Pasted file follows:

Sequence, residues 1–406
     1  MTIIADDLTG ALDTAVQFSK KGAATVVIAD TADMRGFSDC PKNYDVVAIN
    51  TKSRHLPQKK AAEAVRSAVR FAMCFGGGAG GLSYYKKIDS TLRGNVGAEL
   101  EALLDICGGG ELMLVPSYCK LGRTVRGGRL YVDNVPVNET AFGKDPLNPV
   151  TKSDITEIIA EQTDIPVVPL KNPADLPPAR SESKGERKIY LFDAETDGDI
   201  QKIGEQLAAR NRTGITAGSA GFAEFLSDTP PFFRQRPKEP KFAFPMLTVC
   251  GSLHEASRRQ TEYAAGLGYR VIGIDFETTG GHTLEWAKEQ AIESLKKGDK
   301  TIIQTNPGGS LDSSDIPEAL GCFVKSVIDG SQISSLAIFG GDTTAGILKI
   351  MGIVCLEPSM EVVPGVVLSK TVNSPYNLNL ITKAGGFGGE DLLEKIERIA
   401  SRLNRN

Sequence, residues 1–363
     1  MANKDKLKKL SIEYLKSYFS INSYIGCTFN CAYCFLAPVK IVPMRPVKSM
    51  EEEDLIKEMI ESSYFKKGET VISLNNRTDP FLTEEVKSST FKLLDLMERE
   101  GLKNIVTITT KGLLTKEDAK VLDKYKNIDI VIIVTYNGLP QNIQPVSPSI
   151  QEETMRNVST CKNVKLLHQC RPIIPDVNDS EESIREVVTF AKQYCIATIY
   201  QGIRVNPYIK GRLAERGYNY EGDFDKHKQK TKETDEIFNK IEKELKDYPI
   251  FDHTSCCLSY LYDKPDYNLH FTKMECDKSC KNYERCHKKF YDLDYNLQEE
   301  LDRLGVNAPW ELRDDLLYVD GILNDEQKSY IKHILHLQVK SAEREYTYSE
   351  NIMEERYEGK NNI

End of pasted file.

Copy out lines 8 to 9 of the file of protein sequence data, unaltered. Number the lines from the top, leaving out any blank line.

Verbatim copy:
   301  TIIQTNPGGS LDSSDIPEAL GCFVKSVIDG SQISSLAIFG GDTTAGILKI
   351  MGIVCLEPSM EVVPGVVLSK TVNSPYNLNL ITKAGGFGGE DLLEKIERIA